Tweeting Sweet Memories of Wyoming

This past July, Team Marine senior, Adrienne Hino, was awarded an Earthwatch fellowship in Jackson Hole, Wyoming, where she researched, collected, and analyzed quantitative data on the nest shrubs and surrounding shrubs of songbirds, which contributed to a soon-to-be published scientific study addressing how nest shrub density affects nest success in yellow warblers, black-headed grosbeaks, American robins, and song sparrows in the Jackson Hole area. Using nest shrub density as an indication of how much human development exists in areas surrounding songbird habitats, the objective of the study was to measure the extent to which anthropogenic effects are taking on songbird populations and the environment. Her fellowship required collecting data and observing songbird habitats. She also gave a formal presentation to the Teton Science School in regards to the results of the 11 days she worked on the study. Adrienne often shares how much pride she takes in her contribution to the project because, while she was only able to work on it for 11 days, she was able to see firsthand the devastating effects humans are having on the environment from a very unique perspective. She continues to encourage her fellow team members to seek similar opportunities, “My fellowship experience was extremely educationally rewarding because it allowed me to conduct research outside of a traditional classroom setting and make a meaningful contribution to science. This experience meant so much to me because it offered me the opportunity, just as Team Marine does, to merge my love for nature and my passion for science.  It wasn’t until my trip in Wyoming, where I was immersed in nature, that I really realized the vitality of preserving our environment.” Being able to be within nature, she wasn’t just able to recognize a need for preservation of our environment, but she was also able to develop a true appreciation for and share a connection with nature. Reflecting back on the most valuable aspects of her trip, Adrienne expresses, “This experience has really taught me the importance in having the utmost patience, compassion, and pride in everything you do. I hope to use these values to create positive change in the world, as I continue to combat environmental issues.” Finally, she says, “Thank you so much to Renee Klein for encouraging me to apply for the fellowship, The Earthwatch Institute for providing me with such an amazing opportunity, and the Teton Science School for providing me such an amazing learning environment.”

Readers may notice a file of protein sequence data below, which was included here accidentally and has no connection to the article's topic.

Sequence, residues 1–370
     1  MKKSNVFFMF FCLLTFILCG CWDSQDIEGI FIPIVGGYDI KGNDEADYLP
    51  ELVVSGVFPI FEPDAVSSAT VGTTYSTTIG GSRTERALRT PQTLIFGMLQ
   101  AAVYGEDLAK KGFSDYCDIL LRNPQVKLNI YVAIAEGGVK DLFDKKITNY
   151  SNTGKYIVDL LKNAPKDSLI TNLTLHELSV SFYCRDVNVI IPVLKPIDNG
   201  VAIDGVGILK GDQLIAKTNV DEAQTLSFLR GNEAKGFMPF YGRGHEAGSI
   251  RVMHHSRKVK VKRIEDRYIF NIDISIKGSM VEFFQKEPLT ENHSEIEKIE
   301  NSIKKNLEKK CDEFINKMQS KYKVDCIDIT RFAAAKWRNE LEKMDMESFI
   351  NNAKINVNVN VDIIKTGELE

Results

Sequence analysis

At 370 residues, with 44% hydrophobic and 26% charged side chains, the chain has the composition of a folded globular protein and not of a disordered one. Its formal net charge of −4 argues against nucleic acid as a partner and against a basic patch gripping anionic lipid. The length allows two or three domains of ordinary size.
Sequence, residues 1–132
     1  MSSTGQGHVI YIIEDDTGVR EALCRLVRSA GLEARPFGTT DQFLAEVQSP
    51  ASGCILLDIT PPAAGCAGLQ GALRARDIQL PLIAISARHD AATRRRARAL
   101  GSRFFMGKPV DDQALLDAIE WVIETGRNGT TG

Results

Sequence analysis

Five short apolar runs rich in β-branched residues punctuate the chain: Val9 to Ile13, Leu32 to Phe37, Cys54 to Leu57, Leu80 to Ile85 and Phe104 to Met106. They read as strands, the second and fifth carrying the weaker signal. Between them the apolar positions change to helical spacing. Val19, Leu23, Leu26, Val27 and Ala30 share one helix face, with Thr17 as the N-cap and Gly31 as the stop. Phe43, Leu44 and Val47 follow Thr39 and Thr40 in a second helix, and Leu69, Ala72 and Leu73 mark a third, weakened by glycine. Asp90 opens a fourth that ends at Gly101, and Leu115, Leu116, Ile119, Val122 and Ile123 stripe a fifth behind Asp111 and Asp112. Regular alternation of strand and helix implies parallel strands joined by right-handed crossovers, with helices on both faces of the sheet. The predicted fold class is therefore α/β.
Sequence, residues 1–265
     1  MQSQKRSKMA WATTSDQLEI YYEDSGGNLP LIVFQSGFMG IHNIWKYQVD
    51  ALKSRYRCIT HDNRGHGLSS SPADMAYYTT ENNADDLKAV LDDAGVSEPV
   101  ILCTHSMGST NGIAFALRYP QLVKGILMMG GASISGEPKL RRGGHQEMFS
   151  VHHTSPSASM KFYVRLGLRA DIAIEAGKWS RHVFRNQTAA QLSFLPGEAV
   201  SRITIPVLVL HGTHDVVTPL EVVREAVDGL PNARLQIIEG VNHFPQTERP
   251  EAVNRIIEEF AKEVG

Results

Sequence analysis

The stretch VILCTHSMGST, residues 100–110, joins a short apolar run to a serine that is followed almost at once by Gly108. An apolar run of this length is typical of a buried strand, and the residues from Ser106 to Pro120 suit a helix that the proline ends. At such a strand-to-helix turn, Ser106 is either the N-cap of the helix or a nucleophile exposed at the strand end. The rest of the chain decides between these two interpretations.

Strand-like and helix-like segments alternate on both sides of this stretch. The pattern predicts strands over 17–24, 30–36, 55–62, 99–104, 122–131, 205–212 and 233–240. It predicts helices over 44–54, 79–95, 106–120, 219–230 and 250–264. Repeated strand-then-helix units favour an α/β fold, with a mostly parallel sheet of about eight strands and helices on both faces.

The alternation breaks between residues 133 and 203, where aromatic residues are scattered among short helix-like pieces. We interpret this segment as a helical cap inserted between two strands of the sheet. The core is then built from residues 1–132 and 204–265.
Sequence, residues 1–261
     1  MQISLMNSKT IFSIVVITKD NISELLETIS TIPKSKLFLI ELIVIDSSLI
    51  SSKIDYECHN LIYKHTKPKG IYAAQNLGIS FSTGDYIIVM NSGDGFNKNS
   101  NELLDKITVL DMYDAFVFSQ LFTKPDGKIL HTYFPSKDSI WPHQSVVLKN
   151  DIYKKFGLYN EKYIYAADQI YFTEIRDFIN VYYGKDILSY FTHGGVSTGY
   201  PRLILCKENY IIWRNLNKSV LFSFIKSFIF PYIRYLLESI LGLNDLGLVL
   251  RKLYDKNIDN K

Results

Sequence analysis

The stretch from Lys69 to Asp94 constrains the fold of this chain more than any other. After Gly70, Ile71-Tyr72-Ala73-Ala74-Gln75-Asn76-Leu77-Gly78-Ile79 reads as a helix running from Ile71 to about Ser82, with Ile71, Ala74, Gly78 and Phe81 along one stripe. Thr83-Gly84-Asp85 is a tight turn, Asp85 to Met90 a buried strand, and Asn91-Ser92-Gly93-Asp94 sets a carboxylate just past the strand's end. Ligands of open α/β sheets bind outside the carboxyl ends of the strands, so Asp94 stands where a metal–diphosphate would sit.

To view more about the Songbirds of the Rockies Expedition, please see the official blog: http://songbirdsoftherockies.blogspot.com/